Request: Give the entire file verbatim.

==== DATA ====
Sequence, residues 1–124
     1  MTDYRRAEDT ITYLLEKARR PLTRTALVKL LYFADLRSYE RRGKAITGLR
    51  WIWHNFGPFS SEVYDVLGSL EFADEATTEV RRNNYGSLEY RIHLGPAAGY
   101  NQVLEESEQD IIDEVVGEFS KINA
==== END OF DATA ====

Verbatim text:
Sequence, residues 1–124
     1  MTDYRRAEDT ITYLLEKARR PLTRTALVKL LYFADLRSYE RRGKAITGLR
    51  WIWHNFGPFS SEVYDVLGSL EFADEATTEV RRNNYGSLEY RIHLGPAAGY
   101  NQVLEESEQD IIDEVVGEFS KINA